- Associated Press - Wednesday, October 1, 2014

FLINT, Mich. (AP) - At 66 years old, Richard Vanderkarr couldn’t help getting emotional when he received his high school diploma on Sept. 12.

“I’ve been waiting a long time to get it,” he told The Flint Journal ( https://bit.ly/1mslyna ). “It was a little emotional.”

Vanderkarr, of Clio, was awarded his diploma from the Carman-Ainsworth School District through Public Act 181 of 2001, which authorizes school districts to award high school diplomas to veterans who enlisted or were drafted while in high school and never graduated during WWII, the Korean conflict or Vietnam War.

Vanderkarr, who spent 28 years in the service, with 26 years in the reserves, was in Vietnam for 18 months after being drafted in the Army. He now serves as a member of the Burton Glen Charter Academy School Board.

He was 18 when he was drafted and had recently completed high school and began working at General Motors, although he didn’t receive his diploma, he said.

Although recently retired, he couldn’t help but be intrigued after seeing a report about veterans being awarded diplomas years after not graduating.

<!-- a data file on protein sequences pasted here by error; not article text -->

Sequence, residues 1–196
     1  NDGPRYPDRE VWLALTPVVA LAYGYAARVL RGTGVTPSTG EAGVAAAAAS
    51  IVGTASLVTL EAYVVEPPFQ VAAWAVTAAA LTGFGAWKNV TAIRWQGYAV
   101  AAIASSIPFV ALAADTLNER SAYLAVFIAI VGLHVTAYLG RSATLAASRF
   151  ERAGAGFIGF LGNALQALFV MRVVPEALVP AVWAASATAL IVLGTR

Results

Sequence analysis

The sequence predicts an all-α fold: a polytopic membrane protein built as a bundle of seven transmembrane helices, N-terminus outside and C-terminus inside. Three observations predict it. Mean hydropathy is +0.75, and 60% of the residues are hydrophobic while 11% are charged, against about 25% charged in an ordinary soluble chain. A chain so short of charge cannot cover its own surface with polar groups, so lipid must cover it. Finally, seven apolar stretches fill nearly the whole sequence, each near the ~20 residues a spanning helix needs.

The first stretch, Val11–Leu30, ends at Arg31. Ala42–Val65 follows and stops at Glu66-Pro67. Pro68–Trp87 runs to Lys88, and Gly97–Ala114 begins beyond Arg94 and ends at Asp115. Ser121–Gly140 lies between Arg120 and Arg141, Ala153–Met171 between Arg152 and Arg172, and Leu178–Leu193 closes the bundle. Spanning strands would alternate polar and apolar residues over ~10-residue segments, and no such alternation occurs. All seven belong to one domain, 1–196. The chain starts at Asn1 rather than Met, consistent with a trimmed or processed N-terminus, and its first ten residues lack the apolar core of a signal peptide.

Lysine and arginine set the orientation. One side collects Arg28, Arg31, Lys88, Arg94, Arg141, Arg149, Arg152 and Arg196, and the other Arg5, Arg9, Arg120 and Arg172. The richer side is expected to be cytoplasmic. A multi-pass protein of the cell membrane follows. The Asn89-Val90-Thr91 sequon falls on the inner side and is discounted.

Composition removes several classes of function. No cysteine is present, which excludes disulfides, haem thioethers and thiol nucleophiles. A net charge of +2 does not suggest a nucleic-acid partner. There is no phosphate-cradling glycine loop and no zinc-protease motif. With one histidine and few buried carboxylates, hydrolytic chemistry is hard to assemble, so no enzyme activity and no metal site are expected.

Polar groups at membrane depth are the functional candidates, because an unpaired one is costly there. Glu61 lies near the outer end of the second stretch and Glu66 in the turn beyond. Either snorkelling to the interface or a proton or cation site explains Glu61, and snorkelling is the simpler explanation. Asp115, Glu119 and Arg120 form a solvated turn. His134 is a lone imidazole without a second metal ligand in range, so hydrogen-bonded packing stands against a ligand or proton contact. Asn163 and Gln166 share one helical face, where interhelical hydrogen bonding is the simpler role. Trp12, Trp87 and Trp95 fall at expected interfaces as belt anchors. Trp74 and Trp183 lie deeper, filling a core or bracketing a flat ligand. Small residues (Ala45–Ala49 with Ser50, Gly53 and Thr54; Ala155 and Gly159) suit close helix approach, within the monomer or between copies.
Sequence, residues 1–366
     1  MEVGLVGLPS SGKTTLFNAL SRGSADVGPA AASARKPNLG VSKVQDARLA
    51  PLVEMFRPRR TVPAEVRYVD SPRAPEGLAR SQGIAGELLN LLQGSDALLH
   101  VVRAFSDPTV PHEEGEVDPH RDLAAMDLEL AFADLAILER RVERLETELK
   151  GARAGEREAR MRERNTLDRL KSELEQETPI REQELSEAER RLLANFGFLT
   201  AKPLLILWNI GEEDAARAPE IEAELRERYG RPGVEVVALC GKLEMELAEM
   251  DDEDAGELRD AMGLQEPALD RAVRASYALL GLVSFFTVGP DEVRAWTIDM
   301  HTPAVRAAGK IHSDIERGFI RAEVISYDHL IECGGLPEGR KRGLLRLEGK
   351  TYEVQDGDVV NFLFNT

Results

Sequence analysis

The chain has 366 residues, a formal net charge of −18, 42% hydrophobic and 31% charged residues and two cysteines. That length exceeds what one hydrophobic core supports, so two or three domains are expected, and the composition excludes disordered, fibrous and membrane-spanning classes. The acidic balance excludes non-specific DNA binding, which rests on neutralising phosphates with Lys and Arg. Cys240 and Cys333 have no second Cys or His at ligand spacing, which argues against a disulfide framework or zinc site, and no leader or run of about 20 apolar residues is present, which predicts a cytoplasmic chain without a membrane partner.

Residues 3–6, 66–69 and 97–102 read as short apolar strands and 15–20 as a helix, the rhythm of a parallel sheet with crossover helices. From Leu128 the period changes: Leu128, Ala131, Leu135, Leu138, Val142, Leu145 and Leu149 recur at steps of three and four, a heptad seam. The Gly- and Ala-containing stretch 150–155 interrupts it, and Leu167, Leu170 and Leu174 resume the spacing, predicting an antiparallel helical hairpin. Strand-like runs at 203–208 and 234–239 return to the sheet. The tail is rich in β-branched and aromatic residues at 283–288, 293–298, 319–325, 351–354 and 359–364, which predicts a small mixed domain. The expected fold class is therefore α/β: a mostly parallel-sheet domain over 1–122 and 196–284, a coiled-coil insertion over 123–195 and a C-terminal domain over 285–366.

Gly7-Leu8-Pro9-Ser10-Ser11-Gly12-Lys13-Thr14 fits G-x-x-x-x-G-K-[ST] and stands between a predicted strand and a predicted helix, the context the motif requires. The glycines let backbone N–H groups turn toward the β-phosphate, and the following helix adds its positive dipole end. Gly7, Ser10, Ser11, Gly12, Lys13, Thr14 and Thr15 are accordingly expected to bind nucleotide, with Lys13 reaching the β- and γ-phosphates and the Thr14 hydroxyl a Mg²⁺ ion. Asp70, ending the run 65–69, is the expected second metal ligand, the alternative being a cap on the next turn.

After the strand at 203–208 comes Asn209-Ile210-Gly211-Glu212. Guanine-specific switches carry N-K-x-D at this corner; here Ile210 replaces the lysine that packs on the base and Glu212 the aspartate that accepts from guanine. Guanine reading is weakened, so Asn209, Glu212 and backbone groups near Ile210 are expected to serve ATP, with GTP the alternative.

So, Vanderkarr went to the school’s administration on Sept. 8 and, sure enough, he fit the criteria. By the following Friday, he walked out of the door with his diploma, although he didn’t wear a cap and gown, Superintendent Steve Tunnicliff said.

“To see that this high school diploma was so meaningful to him gave me a lot of perspective,” Tunnicliff said. “It was very, very special for him and quite honestly, it was very special for me as well.”

Tunnicliff said his hope is that more veterans take advantage of the program in the area.

Vanderkarr had to laugh after receiving the diploma, saying that he received it the same year as his grandson from Flint Southwestern Academy.

“It’s just one of those coincidences,” he said.

___

Information from: The Flint Journal, https://www.mlive.com/flint


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